My main aim is to study the philosophy of Mahatma Gandhi, especially in the modern context and examine its relevance to the modern times. Gandhi was not an academician and he did not make any systematic presentation of his philosophy. In order to present his philosophy in an organized and logically cogent manner, his ideas have to be culled from his various speeches and writings. Gandhi laid more stress on the basic values of the human life especially on truth and non-violence. As a defender of the human rights, he made people more conscious of their duties, to set a moral order in the society and also to make the people learn that the true source of right is duty only.

Gandhi did not like people to remain as mere silent spectators in a helpless manner. He aroused their indomitable moral will and inherent potentialities to fight against the supposed wrong or injustice in a non-violent manner. He envisaged a casteless, classless and egalitarian society against the existing acquisitive and exploitative society.

Gandhi was not a system builder, but with great understanding and insight, he could bring about the scheme of his concepts in an appropriate and relevant manner so as to suit the modern requirements. His concepts underwent evolutionary and revolutionary changes. There is need for the social scientists to combine their scientific methods and theories with the Gandhian values to achieve better results.

The modern technology poses great threat and fear than hope and happiness. The significance of man is lost and his life has lost its meaning and purpose except to reduce it to a mere mechanical drudgery. The heavy industrialisation is vulnerable to several evils like gambling and results in problems such as unemployment. His real happiness does not lie in his enjoyment of sensual pleasures and multiplication of desires but in leading a simple and ennobled life with moral consciousness and high thinking.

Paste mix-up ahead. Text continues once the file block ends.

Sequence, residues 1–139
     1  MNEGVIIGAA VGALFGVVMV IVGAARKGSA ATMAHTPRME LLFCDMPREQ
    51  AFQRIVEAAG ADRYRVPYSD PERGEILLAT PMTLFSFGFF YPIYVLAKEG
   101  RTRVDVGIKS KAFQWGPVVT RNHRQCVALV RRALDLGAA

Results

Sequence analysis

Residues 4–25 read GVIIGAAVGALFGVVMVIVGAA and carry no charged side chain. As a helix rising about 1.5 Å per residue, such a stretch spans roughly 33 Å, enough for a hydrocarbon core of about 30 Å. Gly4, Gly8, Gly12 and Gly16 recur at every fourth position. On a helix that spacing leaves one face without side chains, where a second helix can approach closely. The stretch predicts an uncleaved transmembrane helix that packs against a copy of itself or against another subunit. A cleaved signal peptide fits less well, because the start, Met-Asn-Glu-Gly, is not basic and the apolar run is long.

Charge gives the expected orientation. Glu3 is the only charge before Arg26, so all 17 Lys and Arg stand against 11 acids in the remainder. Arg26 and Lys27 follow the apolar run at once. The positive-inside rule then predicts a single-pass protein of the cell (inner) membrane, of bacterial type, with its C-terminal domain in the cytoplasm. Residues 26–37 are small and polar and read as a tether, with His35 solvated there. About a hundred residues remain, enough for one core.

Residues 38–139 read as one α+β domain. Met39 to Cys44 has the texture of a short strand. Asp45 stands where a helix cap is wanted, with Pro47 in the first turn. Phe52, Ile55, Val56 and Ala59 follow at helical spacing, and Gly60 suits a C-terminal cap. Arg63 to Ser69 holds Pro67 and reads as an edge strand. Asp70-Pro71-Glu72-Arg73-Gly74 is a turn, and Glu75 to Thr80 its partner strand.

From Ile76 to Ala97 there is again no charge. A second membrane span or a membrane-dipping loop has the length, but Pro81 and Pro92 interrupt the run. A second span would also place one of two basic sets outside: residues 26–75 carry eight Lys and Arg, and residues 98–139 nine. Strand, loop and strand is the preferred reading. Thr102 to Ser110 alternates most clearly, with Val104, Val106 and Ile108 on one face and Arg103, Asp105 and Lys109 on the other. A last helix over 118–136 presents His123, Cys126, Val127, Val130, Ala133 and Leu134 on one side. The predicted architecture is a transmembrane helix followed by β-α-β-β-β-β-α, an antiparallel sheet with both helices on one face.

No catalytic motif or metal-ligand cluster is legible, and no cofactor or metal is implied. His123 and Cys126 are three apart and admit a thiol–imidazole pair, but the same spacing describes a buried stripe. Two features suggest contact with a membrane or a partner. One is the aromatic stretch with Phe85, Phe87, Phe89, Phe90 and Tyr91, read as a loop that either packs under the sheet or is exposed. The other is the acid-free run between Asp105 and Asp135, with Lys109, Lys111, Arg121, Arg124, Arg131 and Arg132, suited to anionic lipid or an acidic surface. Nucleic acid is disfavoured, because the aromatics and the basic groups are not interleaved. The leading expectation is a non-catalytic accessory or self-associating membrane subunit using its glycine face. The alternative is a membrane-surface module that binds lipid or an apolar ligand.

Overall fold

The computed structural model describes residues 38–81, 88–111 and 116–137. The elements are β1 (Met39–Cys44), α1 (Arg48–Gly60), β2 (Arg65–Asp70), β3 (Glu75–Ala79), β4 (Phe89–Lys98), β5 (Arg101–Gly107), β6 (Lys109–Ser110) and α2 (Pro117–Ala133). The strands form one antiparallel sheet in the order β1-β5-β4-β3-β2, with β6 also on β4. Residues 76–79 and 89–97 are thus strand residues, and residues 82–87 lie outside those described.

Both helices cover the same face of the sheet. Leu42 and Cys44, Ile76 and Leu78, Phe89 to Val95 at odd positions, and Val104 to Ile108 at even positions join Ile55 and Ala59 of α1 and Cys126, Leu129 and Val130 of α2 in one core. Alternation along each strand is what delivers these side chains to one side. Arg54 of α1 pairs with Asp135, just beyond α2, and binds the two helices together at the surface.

Gandhi formulated a pattern and a structure basing on his series of experiments with truth in the religio-moral, socio-economic and political spheres by keeping the individuality ad dignity of the individual in view without losing sight of truth and non-violence.

Gandhi rejected the earlier formulated political theory that 'end justifies the means' as it tends to be opportunistic and expedient and the unscrupulous and immoral methods have been followed. He introduced a new moral code by making means as significant as end and also by establishing their convertibility to avoid the immoral means and violence to justify the end.

Gandhi stood for the economic equality. His theory of trusteeship bears the testament of his commitment to usher in an egalitarian society by reducing the economic disparities. He made a break-through in the social structure by working for the creation of equal opportunities for the unprivileged for their social upliftment.